Other bothers? Wind noise, for one. It was pretty quiet when our drive started, and was easily drowned out with the radio on, but it got more noticeable, especially from the passenger side mirror, as the day wore on. A Ford employee riding with us suggested that our "very early" production unit may have been experiencing a problem, so we'll revisit the issue on our next tester.
We also heard a few minor buzzes and rattles, some of which could be attributed to loose items in the cup holders, and some of which may also be attributed to the early build. The noises were minor, but they didn't go unnoticed.
We also found the seats to be a bit hard after a long day behind the wheel and the driving position to be a bit awkward for taller drivers, but legroom and headroom were generous enough.
Even with the 19-inch wheels on our Titanium tester, ride quality was not sacrificed. The Escape trends toward the sporty side, but there was very little harshness over broken pavement, and the freeway cruise was comfy (admittedly, California freeways aren't nearly as pockmarked as those in other parts of the country).
Striking the right balance between ride and handling, not to mention between performance and fuel economy/utility, is not easy. It's even harder with SUVs, but Ford has done a pretty good job here. As one colleague put it over dinner, "It's like a raised Focus." We're paraphrasing that quote slightly (blame the wine) but it mirrored our own thoughts.
Inside the Cabin
We have mixed feelings about the Escape's cabin. On the one hand, the lines are pleasing to the eye, there's soft-touch material in all the right spaces, and everything is within easy reach and works as advertised. On the other, we still have reservations about the ease of use of both Ford's Sync and MyFordTouch systems (we didn't like the MyFordTouch switchgear in our Titanium test unit), and we're not sure how we felt about some of the plastic trim pieces. The dashboard also takes up a lot of real estate.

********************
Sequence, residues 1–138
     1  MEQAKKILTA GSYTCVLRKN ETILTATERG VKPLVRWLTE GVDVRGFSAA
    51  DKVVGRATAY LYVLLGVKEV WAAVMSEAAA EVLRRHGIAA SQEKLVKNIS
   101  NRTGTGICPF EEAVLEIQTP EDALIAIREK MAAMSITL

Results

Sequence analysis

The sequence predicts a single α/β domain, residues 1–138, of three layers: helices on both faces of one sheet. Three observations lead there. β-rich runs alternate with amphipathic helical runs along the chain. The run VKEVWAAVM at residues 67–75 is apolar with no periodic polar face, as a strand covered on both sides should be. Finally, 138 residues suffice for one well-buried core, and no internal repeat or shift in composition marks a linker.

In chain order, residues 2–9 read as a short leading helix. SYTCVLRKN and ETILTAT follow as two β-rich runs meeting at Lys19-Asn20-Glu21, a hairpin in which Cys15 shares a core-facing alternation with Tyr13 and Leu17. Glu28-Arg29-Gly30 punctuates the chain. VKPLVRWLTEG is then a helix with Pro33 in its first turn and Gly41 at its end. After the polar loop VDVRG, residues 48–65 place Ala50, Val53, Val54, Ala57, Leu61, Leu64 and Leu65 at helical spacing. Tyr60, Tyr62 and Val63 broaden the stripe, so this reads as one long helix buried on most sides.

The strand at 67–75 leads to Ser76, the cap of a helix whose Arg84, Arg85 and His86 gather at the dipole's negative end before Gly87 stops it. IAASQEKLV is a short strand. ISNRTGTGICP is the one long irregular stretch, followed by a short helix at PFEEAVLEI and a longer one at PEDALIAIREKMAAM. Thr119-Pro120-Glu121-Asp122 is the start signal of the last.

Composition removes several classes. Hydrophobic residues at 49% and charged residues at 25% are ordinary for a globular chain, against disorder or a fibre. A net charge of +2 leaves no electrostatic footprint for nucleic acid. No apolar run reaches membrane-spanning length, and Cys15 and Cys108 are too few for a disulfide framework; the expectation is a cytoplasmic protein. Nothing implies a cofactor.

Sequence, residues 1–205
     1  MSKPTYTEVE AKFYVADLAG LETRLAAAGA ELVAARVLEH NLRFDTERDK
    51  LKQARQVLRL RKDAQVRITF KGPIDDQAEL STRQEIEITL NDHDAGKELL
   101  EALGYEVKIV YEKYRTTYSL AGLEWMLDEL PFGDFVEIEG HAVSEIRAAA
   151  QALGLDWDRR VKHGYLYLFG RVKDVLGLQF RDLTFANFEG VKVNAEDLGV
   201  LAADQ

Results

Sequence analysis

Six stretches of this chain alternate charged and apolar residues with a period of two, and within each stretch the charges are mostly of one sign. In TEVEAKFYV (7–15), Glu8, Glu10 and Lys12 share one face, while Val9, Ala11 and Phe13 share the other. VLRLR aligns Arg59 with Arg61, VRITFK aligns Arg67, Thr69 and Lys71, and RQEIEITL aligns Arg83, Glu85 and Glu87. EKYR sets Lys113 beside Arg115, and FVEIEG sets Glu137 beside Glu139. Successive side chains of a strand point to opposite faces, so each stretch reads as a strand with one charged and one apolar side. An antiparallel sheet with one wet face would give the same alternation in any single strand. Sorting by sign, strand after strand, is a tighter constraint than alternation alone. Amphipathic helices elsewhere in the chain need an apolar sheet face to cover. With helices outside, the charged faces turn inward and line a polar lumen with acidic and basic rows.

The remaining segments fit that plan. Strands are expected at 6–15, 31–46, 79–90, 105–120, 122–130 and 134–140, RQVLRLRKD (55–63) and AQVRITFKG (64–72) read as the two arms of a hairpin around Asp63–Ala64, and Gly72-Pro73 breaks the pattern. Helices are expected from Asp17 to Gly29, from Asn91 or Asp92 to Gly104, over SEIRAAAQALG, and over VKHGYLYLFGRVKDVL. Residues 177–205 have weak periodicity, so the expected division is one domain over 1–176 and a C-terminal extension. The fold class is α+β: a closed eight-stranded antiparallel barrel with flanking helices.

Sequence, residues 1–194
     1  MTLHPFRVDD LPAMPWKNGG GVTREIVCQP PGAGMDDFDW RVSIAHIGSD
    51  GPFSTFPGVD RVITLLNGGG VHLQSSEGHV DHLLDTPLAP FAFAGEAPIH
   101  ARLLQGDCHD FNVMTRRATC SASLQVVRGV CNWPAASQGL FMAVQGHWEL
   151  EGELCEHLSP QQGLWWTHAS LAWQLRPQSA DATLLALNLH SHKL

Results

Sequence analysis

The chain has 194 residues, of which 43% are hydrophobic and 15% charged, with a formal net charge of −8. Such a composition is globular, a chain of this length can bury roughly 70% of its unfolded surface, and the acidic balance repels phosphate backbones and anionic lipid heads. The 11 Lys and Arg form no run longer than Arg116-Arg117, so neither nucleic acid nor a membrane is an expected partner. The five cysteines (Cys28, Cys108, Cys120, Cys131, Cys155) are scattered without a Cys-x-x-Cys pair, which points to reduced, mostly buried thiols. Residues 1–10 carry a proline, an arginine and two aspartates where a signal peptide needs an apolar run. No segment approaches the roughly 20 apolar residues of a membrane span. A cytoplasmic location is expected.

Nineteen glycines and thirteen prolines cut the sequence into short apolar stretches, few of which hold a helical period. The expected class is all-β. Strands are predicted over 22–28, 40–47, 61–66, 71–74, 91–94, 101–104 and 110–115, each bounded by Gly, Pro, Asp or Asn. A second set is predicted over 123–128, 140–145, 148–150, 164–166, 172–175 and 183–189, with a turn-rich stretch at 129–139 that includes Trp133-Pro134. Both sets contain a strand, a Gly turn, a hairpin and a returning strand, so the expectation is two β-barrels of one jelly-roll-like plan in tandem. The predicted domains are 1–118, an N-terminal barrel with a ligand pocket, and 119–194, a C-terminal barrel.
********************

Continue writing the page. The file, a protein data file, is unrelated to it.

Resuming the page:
Ford does provide some unique storage solutions, such as under-floor storage in the rear and a two-shelf glove box. There's even a handy-dandy umbrella holder next to each of the front seats.
Like with the Focus, we like the overall look of the interior, but we'd also like to see a few more tweaks.
The Escape looks much better in person than in photos, with a sporty playful styling theme that just sort of fits the car's overall mission. It's a bit of a looker, with a style that is leaps and bounds better than the brick-like shape of the current Escape. We think Carrie would approve.
Fuel Economy and Safety
All-wheel-drive Escapes are rated at 22/30 with the 1.6-liter and 21/28 with the 2.0-liter, while front-wheel-drive Escapes are rated at 23/33 with the 1.6, 22/30 with the 2.0, and 22/31 with the 2.5-liter engine. Expect the full complement of airbags and the usual safety features like ABS and traction control in addition to the torque-vectoring and curve-control systems.
Automakers have been pumping life into small cars for a while now, and that same verve is starting to show up in the compact crossover segment. Mazda's CX-5 and Volkswagen's Tiguan are other examples of small utes that look good and promise fun from behind the wheel. This makes sense, since, as Ford claims, many buyers in this segment want sportiness without sacrificing utility. Of course, using passenger-car platforms can't hurt.
Ford promised a fun-to-drive small utility that offers high fuel efficiency. The Escape was a good dance partner on the back roads and a competent urban runabout. We can also say that for the first time in a while, we were enjoying ourselves in a compact crossover.
Carrie, your next car is here.